I Think You’ll Regret The Chance You Didn’t Take On Her

guy in forest, guy regretting leaving her, relationships
Samuel Edwards

I think, in the back of your mind, you’ll always wonder.

Before you fall asleep at night, as you scroll absentmindedly through your phone, that name will pop up on your screen, the one you’ve been trying not to think about and like clockwork you’ll fall back into missing her again. Or as you wake up, roll over to shut off your alarm, you’ll feel her absence beside you, the cold side of the pillow right next to where you lay your head. Or when you’re just trying to move through the monotony of your day, readjusting in that uncomfortable office chair, sipping coffee, answering emails, you’ll start to wonder what it would be like to text her, to meet her for drinks after work, to come home together to a little apartment where you could share the stove and make dinner, side by side.

I think, in the quiet moments you’ll miss her the most. The way she filled the room with her laughter. The way you could be sitting next to one another, sharing the same space, same couch, same plate of snacks, and be completely connected, saying nothing at all.

I think you’ll miss her in the loud moments, too. Watching football, wanting to throw your arm around her shoulders as your team makes another touchdown. At a concert, wishing she could be there to dance with you, your bodies falling into an easy rhythm as the chords change. Getting on the bus to commute, and longing to talk to her, to drown out all the other busy sounds.

I think you’ll regret the chance you didn’t take on her, but I wonder, by then, if you’ll be too late.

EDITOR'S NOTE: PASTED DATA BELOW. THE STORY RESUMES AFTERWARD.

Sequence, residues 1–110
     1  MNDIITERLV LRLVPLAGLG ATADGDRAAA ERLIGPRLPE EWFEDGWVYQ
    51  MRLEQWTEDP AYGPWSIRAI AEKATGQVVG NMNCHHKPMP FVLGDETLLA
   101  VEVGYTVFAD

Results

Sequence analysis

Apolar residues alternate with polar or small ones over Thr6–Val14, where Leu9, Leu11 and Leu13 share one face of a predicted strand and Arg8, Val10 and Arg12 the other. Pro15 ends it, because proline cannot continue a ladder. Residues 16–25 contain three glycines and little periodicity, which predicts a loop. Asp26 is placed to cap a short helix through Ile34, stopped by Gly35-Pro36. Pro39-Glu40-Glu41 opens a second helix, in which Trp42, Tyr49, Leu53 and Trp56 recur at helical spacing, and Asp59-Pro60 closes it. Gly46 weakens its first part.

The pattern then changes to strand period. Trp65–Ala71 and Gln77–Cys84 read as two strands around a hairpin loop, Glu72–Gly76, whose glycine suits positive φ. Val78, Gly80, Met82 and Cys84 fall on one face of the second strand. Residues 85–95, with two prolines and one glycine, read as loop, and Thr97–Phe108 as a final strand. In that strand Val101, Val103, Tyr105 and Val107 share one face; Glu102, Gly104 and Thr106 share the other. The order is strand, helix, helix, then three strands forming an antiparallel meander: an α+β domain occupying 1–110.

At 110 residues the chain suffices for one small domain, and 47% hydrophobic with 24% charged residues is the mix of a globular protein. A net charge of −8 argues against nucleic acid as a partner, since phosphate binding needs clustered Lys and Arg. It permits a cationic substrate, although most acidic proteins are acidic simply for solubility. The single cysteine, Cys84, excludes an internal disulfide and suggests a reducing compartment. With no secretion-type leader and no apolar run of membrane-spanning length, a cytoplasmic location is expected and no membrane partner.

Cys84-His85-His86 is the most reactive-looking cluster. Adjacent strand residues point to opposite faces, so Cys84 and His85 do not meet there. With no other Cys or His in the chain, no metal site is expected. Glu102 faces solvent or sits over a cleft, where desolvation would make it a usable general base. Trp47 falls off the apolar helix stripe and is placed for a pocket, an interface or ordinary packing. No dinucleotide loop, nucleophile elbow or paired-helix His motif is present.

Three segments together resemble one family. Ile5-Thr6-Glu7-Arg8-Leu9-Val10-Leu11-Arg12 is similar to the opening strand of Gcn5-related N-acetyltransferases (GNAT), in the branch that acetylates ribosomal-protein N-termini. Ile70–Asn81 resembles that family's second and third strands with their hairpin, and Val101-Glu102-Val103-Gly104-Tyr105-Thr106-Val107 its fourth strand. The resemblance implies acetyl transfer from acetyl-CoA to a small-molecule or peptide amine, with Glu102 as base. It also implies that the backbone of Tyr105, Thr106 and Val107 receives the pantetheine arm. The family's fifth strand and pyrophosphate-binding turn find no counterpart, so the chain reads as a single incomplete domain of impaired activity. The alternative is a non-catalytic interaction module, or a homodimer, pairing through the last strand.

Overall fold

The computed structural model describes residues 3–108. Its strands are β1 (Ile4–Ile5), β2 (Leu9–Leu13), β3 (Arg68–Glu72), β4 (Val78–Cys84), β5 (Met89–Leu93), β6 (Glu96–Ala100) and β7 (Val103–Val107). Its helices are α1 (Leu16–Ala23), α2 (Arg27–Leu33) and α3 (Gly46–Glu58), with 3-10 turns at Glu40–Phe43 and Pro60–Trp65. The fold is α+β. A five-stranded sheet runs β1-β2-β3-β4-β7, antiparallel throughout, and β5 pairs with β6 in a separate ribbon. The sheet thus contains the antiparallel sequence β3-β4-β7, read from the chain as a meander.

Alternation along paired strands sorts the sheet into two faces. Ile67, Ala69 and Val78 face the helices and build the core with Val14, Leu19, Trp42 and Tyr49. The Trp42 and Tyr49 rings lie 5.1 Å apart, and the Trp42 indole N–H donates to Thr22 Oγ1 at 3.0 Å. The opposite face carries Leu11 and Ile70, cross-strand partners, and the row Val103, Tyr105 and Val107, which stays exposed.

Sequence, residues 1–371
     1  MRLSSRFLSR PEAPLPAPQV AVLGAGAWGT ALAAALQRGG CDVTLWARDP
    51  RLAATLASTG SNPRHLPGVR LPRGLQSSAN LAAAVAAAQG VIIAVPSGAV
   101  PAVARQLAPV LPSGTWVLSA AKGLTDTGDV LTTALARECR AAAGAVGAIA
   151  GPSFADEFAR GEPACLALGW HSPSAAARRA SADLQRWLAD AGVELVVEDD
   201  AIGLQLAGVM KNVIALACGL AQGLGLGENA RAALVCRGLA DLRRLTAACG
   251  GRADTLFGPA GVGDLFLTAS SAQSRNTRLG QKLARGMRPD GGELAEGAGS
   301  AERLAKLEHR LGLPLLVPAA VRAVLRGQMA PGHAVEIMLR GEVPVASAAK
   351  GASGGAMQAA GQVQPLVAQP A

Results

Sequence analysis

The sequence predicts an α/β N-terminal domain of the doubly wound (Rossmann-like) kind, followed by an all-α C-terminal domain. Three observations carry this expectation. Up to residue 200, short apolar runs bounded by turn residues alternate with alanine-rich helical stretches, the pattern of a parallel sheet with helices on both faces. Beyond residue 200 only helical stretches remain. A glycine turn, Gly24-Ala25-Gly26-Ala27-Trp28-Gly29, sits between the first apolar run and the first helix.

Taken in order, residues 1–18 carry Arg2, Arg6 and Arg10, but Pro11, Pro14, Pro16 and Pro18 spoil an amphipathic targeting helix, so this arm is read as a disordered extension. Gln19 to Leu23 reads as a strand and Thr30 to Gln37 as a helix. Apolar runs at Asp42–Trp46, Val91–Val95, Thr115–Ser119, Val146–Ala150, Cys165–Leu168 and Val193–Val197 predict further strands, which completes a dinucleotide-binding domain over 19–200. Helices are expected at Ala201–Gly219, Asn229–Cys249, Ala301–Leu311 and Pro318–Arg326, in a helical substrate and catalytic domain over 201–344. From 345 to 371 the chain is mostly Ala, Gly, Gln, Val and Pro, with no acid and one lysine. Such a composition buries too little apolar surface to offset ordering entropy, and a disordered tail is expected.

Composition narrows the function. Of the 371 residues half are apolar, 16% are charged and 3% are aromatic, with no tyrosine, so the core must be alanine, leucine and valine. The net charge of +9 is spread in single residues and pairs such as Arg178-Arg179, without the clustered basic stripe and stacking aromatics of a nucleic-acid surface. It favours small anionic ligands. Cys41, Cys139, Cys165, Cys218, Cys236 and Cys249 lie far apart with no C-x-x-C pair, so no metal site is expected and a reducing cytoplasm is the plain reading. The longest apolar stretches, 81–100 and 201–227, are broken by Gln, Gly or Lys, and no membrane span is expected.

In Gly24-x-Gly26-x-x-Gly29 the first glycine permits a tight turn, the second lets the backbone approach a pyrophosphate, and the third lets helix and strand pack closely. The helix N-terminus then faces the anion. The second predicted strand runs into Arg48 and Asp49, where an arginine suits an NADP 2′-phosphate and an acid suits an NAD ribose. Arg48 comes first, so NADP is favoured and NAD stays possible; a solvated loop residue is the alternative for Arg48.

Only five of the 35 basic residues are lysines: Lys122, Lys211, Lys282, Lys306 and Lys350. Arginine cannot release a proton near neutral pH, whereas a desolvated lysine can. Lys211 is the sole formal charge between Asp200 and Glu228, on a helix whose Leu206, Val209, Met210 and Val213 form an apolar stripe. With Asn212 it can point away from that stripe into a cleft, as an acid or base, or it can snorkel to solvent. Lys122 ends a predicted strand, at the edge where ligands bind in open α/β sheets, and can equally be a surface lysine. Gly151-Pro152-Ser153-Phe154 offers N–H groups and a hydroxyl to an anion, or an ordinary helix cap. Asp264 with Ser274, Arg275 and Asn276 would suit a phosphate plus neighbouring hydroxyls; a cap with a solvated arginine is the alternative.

You could have believed. You could have stepped forward. You could put aside all your doubt and trusted in something wild and wonderful. You could have listened to the feeling in your chest you spent so much time pressing down, pushing back, pretending wasn’t there.

But instead you let your rational side take over. You let yourself be led by fear. And you walked away, acting like what you had meant nothing.

I feel sorry for you. For her. For what the both of you had the potential to be, but never became. A close-but-not-close-enough, a halfway connection, an almost-love.

I think, when it’s a lazy Saturday morning you’ll long for her. Long for her soft, warm hand on your shoulder. Long for the way the hours stretched on so beautifully when you were next to one another, talking about dreams and favorite foods and plans for the day.

I think, when it’s dinnertime you’ll miss her. Miss the way the two of you rotated around the kitchen, chopping and talking and arguing over how much spice to put in the crockpot and both feeling lucky to be with someone who cared, so much, about the little things.

I think, when you find yourself in the arms of someone else, you might find happiness. As I wish for the both of you, and I’m sure she wishes for you, too. But honestly, I think, as you wrap your heart around another person, trying to find what you’ve been missing in the sweetness of her lips, you’ll still feel unsatisfied.

You’ll still have a tiny hole of emptiness from the chance you didn’t take, the faith you let fall flat, the wish you didn’t chase. From the love that could have been, now unraveling underneath your fingertips until it’s just one gaping void in the fabric of your being that no patch can ever fully fix. Thought Catalog Logo Mark

Marisa is a writer, poet, & editor. She is the author of Somewhere On A Highway, a poetry collection on self-discovery, growth, love, loss and the challenges of becoming.

Keep up with Marisa on Instagram, Twitter, Amazon and marisadonnelly.com

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